If you’ve got a young family or are considering starting one, you’ve probably noticed that the issue of childcare has been making headlines recently.
First there was the introduction of the Government’s new Childcare Subsidy in July which was hailed as the most significant change to childcare in 40 years. Then Labour Party leader, Bill Shorten announced a $1.75bn funding commitment to early childhood education should they win the next federal election. He also promised that the ALP’s National Preschool and Kindy Program would guarantee around 700,000 Australian children a year access to subsidised preschool a year and would extend the current arrangement for 4-year olds accessing preschool to include 3-year olds.
Clearly, education is big news and now more than ever, parents are looking at their options for childcare in the knowledge that quality early education is crucial for long-term success.
But how do you know if a childcare centre offers the appropriate standards of ‘quality’? When it comes to choosing a childcare centre, how do you know if it’s the right one? Which educational approach will give your child the best start in life?
Choosing a childcare centre is obviously a deeply personal choice, but if you’re looking for a tried and tested approach to education that delivers excellent long-term results, you should look at childcare centres near you that are inspired by the internationally acclaimed Reggio Emilia approach.
So what is the Reggio Emilia approach to childcare?
In a nutshell, the Reggio Emilia approach is an inspiring and innovative alternative to the more traditional, mainstream ‘learn by rote’ styles to early childhood education.
And it’s not the same as other alternative education models like Montessori and Waldorf because it’s an approach rather than a method. You can’t go to a training college and learn the ways of Reggio Emilia.
No two Reggio Emilia schools are the same. Instead, schools are inspired by the Reggio Emilia approach which has its origins in a small Italian town of the same name and which was promulgated by teacher and educational psychologist, Loris Malaguzzi in the years after WWII.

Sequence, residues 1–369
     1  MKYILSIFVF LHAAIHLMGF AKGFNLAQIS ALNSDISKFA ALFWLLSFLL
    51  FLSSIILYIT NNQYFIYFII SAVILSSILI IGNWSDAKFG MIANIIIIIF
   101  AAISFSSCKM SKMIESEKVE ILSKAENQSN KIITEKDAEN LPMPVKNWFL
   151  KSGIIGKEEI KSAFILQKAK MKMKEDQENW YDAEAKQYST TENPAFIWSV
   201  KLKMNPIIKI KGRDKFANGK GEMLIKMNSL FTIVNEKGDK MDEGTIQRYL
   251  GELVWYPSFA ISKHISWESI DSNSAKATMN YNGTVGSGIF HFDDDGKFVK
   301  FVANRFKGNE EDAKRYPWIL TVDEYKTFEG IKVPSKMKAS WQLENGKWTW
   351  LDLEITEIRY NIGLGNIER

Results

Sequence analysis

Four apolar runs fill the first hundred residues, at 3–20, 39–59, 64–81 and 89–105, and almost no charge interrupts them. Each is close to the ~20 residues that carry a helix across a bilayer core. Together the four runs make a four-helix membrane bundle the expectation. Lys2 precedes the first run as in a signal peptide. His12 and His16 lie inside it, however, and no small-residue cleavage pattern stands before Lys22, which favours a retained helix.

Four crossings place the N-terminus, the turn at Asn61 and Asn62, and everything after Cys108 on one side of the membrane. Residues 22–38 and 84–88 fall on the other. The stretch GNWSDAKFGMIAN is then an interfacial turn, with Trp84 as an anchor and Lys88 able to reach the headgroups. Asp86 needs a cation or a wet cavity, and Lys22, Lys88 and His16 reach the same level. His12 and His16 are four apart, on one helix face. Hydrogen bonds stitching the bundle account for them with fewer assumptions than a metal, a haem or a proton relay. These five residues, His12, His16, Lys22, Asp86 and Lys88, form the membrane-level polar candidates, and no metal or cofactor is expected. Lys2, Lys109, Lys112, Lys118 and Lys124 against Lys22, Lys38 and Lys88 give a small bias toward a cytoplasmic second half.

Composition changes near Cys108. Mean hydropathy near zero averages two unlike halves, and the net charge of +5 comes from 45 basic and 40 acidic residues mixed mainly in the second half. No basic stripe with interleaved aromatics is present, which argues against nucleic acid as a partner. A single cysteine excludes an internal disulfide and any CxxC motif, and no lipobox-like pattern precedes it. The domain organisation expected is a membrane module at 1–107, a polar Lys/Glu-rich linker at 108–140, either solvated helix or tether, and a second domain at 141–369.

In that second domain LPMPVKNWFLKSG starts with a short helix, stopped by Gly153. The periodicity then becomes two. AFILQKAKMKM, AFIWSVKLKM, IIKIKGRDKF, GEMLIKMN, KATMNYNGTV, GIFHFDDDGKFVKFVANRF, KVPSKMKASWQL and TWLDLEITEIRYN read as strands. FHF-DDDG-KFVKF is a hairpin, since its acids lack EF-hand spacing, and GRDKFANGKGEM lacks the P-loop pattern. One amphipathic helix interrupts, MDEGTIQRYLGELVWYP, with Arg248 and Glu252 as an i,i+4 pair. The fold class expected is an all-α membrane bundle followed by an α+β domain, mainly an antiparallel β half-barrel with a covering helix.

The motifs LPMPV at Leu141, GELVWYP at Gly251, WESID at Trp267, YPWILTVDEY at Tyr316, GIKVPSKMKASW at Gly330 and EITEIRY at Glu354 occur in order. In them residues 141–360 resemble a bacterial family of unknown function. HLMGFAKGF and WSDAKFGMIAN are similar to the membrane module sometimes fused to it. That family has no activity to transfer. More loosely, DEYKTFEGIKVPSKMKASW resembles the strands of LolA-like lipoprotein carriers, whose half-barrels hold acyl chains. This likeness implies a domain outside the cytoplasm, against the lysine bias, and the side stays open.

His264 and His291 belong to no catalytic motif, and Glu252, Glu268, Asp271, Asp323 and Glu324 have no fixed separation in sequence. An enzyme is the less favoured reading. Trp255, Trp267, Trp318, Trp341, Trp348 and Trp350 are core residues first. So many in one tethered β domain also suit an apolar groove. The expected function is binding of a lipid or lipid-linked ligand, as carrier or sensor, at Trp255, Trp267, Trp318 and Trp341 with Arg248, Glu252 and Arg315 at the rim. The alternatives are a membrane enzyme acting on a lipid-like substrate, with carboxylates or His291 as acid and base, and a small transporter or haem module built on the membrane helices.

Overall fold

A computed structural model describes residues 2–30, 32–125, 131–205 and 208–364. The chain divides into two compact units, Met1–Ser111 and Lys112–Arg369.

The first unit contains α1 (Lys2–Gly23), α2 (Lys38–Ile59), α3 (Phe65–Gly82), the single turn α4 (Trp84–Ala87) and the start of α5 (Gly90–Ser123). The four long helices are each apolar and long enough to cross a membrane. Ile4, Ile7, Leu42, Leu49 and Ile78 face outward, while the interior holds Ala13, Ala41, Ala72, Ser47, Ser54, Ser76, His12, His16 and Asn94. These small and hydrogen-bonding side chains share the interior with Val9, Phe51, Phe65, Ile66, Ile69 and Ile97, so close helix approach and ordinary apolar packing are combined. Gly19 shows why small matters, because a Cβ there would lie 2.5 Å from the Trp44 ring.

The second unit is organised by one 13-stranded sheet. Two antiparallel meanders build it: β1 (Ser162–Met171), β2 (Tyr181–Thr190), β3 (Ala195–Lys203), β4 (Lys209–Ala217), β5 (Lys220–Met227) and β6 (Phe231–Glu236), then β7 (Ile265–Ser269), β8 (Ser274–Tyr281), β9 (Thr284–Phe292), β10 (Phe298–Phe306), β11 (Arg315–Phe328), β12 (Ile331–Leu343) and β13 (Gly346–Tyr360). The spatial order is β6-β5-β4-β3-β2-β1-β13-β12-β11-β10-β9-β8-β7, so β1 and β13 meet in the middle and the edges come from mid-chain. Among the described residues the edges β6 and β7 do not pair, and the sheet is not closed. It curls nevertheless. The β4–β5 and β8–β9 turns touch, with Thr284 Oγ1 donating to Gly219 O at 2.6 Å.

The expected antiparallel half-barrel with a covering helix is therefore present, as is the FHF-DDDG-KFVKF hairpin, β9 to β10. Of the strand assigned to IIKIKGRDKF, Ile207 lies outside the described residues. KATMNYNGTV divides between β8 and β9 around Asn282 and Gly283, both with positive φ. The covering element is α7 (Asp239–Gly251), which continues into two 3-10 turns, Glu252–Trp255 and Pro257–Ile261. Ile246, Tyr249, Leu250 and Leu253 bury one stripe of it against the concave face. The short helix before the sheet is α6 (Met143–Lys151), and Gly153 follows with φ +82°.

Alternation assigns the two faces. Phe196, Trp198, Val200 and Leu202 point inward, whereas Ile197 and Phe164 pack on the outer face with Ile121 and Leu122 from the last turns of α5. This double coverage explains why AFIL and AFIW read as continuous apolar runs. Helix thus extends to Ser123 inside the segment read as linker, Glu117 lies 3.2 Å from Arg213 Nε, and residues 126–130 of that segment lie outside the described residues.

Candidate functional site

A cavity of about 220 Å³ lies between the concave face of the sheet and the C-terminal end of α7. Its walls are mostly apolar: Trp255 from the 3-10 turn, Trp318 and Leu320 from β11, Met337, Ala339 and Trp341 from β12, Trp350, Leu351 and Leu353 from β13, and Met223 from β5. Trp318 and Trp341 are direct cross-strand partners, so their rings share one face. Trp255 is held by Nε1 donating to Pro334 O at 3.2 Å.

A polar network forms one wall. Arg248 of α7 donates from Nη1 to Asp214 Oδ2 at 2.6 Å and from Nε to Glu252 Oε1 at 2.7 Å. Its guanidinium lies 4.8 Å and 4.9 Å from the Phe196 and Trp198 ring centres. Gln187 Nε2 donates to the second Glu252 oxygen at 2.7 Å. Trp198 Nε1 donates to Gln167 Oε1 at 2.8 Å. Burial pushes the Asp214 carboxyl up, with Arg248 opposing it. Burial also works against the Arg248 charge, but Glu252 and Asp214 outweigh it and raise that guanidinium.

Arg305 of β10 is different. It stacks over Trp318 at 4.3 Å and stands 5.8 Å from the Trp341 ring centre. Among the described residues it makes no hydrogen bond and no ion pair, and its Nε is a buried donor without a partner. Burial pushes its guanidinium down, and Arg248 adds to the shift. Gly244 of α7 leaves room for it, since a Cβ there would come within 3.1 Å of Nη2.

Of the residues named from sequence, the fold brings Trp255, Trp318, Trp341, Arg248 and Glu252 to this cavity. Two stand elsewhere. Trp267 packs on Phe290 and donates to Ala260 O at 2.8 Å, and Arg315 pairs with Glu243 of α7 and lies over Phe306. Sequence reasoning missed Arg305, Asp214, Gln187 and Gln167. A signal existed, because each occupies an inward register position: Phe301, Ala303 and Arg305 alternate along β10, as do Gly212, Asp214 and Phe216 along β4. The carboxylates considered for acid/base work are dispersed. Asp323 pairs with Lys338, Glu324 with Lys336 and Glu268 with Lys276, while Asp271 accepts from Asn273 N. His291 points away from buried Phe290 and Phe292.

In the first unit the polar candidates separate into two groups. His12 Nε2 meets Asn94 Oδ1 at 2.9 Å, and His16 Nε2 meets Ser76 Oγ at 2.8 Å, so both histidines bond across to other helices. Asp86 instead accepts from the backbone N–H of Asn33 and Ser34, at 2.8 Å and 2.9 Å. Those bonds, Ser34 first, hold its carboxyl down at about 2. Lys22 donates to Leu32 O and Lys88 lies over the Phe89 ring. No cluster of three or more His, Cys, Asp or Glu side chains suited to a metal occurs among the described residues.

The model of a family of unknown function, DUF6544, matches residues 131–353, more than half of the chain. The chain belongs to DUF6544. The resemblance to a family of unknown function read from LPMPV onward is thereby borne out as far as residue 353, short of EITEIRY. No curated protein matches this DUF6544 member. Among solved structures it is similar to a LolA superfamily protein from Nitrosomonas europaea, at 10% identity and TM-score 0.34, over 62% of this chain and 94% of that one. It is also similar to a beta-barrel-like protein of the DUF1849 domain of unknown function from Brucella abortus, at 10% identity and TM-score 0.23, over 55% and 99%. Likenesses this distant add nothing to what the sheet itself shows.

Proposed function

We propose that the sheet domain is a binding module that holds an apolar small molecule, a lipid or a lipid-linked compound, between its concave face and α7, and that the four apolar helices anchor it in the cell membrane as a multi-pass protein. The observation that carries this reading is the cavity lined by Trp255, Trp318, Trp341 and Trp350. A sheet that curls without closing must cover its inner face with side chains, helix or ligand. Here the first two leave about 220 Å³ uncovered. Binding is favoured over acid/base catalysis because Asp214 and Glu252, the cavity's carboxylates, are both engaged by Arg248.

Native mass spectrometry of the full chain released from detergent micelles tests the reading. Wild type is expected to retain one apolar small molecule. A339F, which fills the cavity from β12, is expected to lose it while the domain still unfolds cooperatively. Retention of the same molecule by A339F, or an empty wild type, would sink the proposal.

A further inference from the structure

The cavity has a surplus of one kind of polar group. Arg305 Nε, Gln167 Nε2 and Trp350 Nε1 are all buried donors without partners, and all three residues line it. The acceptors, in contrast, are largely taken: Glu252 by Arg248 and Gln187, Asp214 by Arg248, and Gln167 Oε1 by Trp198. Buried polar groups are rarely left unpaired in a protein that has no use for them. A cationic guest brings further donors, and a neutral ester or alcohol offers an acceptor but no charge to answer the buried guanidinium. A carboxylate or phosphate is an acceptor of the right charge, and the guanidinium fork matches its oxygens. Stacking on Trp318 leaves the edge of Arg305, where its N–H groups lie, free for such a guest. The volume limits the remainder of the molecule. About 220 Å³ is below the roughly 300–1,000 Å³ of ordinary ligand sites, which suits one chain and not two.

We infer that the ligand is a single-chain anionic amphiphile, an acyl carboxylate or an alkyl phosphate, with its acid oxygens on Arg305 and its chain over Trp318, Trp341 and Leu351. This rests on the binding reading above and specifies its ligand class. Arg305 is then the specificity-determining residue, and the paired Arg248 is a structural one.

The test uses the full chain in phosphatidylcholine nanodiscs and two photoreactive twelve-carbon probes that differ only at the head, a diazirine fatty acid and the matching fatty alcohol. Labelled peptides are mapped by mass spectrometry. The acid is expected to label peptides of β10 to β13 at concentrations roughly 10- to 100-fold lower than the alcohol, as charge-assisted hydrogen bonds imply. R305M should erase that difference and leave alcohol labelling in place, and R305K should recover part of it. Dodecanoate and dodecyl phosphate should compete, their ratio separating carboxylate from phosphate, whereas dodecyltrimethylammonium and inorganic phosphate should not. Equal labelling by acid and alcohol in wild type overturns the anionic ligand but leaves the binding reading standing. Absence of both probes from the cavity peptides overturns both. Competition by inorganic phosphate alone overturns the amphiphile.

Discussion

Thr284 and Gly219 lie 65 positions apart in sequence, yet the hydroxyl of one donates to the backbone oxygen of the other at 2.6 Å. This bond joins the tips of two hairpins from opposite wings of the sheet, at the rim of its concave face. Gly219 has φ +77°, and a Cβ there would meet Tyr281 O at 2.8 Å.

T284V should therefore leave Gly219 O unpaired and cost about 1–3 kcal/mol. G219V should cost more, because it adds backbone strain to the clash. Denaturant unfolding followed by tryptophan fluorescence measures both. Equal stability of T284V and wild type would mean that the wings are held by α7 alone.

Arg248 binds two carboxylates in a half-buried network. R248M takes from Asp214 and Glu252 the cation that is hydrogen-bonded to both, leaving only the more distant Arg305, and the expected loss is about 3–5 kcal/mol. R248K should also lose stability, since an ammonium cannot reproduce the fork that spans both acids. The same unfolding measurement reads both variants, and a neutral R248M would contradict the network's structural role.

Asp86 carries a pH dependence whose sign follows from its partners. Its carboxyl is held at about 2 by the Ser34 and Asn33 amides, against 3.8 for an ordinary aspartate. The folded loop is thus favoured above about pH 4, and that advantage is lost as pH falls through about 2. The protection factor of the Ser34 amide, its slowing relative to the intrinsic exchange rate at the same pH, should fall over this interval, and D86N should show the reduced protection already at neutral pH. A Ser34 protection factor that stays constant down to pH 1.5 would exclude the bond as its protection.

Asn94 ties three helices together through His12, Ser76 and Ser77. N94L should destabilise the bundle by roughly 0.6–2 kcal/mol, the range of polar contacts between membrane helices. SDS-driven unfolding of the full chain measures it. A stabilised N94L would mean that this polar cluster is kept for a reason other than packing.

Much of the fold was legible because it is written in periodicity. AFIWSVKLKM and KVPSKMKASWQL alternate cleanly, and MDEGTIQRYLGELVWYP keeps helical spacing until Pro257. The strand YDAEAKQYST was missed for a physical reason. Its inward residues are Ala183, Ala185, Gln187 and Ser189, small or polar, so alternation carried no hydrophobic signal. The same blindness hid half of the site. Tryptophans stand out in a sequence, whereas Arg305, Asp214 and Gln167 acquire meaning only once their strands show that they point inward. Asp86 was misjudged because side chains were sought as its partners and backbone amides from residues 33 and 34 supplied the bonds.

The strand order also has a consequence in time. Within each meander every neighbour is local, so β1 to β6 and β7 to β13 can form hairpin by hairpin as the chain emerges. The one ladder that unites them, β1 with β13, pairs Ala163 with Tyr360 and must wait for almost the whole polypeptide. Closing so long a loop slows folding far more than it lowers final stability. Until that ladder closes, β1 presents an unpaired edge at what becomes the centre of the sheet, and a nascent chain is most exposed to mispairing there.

Essentially, it’s a child-centric approach.
Children are seen as worthy of guiding their own curriculum and constructing their own learning based on their innate curiosities to understand their world and how they fit into it. Projects aren’t planned in advance, but rather emerge and develop based on the child’s interests, exploration and discovery. Children aren’t simply offered answers - the search for explanations or solutions is undertaken collaboratively.
At Reggio Emilia inspired schools, parents and families are mentors and guides. They’re valued as vital components of the child’s education and are encouraged to be involved in the development of the curriculum as much as possible. They’re seen as partners, collaborators and advocates for their children and Reggio Emilia inspired schools have many mechanisms in place to facilitate parental involvement and feedback and to maintain open lines of communication.
Perhaps one of the best known aspects of the Reggio Emilia philosophy is ‘the Hundred Languages of Children’ - a powerful poem penned by Malaguzzi which talks about children being natural communicators who should be encouraged to express themselves through whatever means they can. Whether it’s with words, movement, dance, art, constructing, deconstructing, play or anything in between, children should be encouraged to use many different ways to question, feel, imagine, discover and reflect their world.
Another key tenet of the approach is that the environment is seen as the ‘third’ teacher (the parent and the child are the first two). The spaces at Reggio Emilia childcare centres are filled with quality materials and are welcoming, authentic, stimulating, nurturing and ever-evolving in order to encourage collaboration, communication and exploration.
This may all sound very ‘technical’ and it may be difficult for some parents to visualise how a Reggio Emilia classroom differs from any other childcare centre. But the difference really is tangible and the best way to experience why this approach is so widely acclaimed around the world is to see it for yourself
Find out more in “Is Reggio Emilia The Same As Montessori?”
So, if you’re ready to find out more about how your child can benefit from the Reggio Emilia approach to early education, why not pop into a child care centre near you and see the philosophy in action? Established provider, Treasured Tots, has child care centres in Bibra Lake and Fremantle and a newly opened child care centre in Mandurah and we welcome visitors wishing to see our loving ‘home from home’ Reggio Emilia-inspired environments.
Book a tour of any of our wonderful centres to ensure our management team are available to show you around and answer any questions.
If you found this article useful, you might also like "How Play Based Learning Benefits Your Child" and "The Reggio Emilia Approach and Why It’s Great for Kids".